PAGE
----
“Well,” she says, all gossipy. “Penguin’s dad’s a cop and he told Penguin’s mom that Jon’s parents told the cops that Jon was sleeping in bed with the hamster.” Marlene shakes her head. “I’m gonna pee.”

  When she’s gone, it’s just me and Noelle, like it was when we were little, before Marlene moved here and made us into three best friends instead of two. Noelle clicks her pen. “Chloe,” she says. “Does Jon really sleep with the hamster?”

  It’s not a fair question. Jon loves Pedro. Carrig’s family has a golden retriever. Nobody makes fun of him. You can love a dog, you can’t love a hamster. I shrug. “No idea,” I say. “Why?”

  All day I am more aware of how close Jon and I are. He has nobody but me. Nobody knows him like I do and there’s this pressure
building every hour that he doesn’t show up. The bell rings. Noelle pops her pen. “Hey,” she says. “You know I’m only giving you a hard time because I know everything is gonna be okay. For the most part, everything is always okay. Your little friend is probably at Tenley’s having a frappe.”

  I think of the red and white stripes on the Tenley’s straws, the awnings. Jon likes it there. A lot of kids think it’s for babies and old ladies. Every time you go, you hear “You Got It All” by The Jets at least twice. My mom always looks around. Didn’t they just play this? Jon loves that song, the video too, it’s all frappes and puffy clouds, sweet things, Jon things. When Marlene comes rushing back to grab her books, late, same as always, when we’re walking down the hall, talking about nothing, it feels like Noelle is right, like everything will be okay.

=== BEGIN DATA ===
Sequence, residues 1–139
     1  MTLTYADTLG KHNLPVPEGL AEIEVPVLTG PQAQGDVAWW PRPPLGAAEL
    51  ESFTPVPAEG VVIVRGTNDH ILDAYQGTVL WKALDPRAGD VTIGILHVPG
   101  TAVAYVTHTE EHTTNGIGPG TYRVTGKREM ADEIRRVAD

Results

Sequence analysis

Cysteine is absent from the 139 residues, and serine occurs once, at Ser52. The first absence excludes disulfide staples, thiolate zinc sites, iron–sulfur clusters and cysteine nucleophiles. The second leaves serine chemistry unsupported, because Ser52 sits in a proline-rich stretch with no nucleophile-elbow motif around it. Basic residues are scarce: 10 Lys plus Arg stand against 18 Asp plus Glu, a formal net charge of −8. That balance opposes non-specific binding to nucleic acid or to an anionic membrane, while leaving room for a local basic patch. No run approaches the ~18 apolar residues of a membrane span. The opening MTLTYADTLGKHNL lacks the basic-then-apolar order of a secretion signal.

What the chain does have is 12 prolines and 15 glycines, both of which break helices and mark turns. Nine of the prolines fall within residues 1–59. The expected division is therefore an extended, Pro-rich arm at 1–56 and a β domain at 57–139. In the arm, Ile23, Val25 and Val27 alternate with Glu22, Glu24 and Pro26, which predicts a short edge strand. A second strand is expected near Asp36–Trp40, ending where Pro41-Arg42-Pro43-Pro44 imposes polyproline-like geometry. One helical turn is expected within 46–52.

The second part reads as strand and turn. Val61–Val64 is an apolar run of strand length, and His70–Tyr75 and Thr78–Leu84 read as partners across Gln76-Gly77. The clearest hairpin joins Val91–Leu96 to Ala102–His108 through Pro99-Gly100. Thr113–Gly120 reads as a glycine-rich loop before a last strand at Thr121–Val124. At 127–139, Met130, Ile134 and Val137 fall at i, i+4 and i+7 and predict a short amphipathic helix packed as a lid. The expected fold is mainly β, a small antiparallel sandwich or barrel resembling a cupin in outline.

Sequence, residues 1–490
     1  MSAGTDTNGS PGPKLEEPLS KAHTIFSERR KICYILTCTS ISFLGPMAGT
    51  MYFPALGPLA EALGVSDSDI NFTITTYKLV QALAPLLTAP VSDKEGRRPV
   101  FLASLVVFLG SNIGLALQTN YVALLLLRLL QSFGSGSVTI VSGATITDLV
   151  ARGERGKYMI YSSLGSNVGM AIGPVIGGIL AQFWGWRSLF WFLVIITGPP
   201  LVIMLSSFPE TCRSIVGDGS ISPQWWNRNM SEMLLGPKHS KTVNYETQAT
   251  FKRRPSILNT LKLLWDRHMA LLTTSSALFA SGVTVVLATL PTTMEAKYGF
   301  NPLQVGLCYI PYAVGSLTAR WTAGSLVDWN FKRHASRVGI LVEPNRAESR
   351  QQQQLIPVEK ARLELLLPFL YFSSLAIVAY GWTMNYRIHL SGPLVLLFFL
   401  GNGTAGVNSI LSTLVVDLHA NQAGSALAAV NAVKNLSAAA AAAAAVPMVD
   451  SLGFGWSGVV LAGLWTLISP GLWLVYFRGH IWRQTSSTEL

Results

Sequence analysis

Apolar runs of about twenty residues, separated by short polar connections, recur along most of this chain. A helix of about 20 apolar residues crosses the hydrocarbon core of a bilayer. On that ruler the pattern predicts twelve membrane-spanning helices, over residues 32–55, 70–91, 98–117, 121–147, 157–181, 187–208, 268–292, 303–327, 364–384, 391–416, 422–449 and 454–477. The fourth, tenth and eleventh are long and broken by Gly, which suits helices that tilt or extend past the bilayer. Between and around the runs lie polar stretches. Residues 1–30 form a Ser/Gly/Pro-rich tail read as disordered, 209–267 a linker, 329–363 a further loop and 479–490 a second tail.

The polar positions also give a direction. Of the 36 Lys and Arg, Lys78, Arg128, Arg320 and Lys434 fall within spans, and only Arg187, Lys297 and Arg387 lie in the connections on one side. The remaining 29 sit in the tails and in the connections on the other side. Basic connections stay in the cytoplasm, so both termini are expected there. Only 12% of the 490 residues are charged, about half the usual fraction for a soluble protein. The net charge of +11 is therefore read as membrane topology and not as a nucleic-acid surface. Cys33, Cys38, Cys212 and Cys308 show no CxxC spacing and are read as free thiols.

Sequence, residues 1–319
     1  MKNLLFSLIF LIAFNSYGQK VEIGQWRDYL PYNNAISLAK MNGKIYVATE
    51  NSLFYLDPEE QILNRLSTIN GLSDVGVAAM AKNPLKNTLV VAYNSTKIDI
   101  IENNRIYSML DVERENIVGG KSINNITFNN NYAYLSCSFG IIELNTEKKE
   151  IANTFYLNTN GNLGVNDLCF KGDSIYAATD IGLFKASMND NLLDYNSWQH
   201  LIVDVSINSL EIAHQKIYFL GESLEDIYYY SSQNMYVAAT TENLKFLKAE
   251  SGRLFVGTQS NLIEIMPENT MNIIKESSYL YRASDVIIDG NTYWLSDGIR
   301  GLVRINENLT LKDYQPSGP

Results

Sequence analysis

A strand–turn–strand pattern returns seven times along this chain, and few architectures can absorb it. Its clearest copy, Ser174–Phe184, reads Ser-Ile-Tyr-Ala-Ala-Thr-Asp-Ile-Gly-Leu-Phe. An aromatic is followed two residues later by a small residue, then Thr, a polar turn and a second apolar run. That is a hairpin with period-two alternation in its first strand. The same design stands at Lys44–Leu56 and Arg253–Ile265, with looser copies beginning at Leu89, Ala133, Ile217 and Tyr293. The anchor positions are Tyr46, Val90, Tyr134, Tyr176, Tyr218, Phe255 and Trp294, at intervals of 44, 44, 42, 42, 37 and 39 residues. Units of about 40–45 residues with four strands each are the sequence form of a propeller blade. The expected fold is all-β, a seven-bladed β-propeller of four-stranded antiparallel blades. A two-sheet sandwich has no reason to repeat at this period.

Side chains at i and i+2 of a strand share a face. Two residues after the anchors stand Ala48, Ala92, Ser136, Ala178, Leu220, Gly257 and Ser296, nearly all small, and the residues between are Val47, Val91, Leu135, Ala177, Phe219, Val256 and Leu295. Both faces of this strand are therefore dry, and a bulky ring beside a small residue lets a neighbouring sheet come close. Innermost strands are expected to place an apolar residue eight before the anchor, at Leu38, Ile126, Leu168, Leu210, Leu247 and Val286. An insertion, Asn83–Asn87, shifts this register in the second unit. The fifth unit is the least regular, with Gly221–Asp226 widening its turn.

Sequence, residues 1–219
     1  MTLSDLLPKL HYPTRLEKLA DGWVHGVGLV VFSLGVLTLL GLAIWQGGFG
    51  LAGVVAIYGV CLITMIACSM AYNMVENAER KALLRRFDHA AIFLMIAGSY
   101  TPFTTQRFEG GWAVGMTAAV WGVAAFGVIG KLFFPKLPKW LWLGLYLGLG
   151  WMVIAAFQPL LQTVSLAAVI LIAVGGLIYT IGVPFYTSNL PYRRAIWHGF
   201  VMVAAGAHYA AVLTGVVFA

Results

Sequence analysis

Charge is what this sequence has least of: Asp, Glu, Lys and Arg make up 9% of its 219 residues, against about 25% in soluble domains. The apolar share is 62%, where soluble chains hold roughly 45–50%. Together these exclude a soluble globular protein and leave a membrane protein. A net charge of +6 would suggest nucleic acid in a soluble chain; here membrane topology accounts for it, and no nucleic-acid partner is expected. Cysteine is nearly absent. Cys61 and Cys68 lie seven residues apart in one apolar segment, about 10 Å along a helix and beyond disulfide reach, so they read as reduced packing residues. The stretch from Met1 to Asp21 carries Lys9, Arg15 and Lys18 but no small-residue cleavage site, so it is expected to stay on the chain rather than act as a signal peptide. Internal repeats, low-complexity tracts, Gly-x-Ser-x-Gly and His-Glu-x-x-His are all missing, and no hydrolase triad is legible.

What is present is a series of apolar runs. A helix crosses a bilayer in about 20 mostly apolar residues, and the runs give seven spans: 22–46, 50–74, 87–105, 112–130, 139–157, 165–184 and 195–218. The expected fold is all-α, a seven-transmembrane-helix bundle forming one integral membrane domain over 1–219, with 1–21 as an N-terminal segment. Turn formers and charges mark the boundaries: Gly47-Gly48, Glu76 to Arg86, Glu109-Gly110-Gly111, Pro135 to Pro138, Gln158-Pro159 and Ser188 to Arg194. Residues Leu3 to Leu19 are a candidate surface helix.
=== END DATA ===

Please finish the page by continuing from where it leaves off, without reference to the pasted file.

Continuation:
After school I take the bus and get off at the stop closest to Mrs. Curry’s. I sneak through the woods and I run. I want him to be in the shed, he has to be in the shed.

  I knock on the door. “Jon?”

  He doesn’t answer, but then he knows I never knock. I remember this morning, the policeman asking me who else he could talk to about Jon, other kids.

  “No one,” I said. “Just me.”

  I open the door, but Jon’s not there.


  For weeks I harassed my mother about these bright white boots I found online. Jon knew about them. I showed him a picture.

  And what will happen after you get these magic boots?

  I’ll wear them and I’ll be happy.

  And then what?

  We were on the floor of the shed. It was a few days before Thanksgiving break. We were watching The Middle and talking about nothing. The question haunted me. And then what? I didn’t have an answer then. I don’t have an answer now.

  The day before he disappeared, he sent me an article from the Telegraph, a meteorologist predicting less snow this winter. Show your mom and she’ll get you the boots, he said. My mom broke down last night when she overheard me crying. So now the boots have arrived.

  “This is a mistake,” she says. “These boots will help for a minute and then they will only hurt you. They’ll only remind you of this mess.”

  “You think he’s gone, don’t you?”

  She doesn’t answer me. We’re both picturing the same thing, Jon dead.

  She breaks the silence. “You better hurry.”

  We’re going on a search party. It’s Day Five and Jon is out there, who knows where. I feel the reflexive spike of adrenaline as I tear into the brown box, the scent of new shoes, the pleasing pink tissue paper, the shiny sticker, how easily it gives. The boots are as pictured, impractical, but I wanted them, and when your best friend disappears, you get what you want in other ways, lesser ways.

  * * *